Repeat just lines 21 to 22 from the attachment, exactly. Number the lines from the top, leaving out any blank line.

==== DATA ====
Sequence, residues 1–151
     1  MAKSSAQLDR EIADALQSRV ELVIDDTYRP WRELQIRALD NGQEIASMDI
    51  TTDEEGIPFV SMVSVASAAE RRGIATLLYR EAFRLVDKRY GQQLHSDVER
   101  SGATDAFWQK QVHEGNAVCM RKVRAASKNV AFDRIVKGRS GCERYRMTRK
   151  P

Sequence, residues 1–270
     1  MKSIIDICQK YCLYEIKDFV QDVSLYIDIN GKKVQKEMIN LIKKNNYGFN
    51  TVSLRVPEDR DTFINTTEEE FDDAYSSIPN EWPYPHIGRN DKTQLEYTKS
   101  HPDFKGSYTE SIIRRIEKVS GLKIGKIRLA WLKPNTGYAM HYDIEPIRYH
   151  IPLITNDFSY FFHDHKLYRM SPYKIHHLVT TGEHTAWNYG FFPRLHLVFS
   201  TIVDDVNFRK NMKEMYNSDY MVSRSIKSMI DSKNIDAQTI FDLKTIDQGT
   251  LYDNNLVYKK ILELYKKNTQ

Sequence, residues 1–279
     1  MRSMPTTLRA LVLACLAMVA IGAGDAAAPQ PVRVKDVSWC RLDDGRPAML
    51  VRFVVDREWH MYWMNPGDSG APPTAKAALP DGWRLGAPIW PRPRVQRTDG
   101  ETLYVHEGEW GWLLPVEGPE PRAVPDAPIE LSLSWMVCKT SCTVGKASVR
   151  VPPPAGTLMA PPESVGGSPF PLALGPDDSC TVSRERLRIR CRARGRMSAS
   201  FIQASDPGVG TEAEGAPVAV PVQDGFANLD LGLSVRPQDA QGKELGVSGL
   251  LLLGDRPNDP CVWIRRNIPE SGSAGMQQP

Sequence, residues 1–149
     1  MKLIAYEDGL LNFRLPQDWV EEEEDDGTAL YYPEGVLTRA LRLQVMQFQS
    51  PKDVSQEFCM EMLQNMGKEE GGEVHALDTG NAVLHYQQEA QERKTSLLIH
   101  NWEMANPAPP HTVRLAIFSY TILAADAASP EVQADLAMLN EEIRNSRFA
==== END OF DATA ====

     1  MKLIAYEDGL LNFRLPQDWV EEEEDDGTAL YYPEGVLTRA LRLQVMQFQS
    51  PKDVSQEFCM EMLQNMGKEE GGEVHALDTG NAVLHYQQEA QERKTSLLIH